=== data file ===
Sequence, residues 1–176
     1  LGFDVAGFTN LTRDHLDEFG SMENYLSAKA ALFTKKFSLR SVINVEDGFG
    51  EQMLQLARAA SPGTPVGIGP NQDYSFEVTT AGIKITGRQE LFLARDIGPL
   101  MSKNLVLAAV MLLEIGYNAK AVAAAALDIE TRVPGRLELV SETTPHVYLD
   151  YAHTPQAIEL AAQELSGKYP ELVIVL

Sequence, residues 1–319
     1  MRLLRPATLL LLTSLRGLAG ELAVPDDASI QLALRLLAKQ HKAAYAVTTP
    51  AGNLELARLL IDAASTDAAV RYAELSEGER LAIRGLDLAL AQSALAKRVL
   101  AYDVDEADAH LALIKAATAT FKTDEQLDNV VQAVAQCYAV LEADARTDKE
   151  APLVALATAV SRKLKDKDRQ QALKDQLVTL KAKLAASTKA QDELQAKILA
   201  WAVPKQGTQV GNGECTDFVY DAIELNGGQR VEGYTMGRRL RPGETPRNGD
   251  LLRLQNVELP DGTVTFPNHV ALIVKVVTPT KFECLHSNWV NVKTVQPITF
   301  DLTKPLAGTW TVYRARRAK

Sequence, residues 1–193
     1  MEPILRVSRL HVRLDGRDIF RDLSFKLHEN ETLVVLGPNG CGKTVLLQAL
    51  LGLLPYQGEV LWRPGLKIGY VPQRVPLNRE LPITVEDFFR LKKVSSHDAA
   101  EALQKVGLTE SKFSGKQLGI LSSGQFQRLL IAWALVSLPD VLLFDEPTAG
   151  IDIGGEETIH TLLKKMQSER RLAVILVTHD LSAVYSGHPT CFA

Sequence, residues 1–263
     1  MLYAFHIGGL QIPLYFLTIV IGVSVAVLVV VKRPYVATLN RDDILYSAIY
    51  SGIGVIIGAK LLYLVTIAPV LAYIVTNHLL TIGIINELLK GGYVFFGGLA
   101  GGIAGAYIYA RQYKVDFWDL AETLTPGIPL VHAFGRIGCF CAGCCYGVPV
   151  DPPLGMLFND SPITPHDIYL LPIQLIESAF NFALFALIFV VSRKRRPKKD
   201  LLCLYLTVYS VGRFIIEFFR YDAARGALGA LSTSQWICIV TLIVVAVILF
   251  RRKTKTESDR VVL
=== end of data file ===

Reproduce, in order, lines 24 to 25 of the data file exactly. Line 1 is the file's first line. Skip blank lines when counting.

   201  LLCLYLTVYS VGRFIIEFFR YDAARGALGA LSTSQWICIV TLIVVAVILF
   251  RRKTKTESDR VVL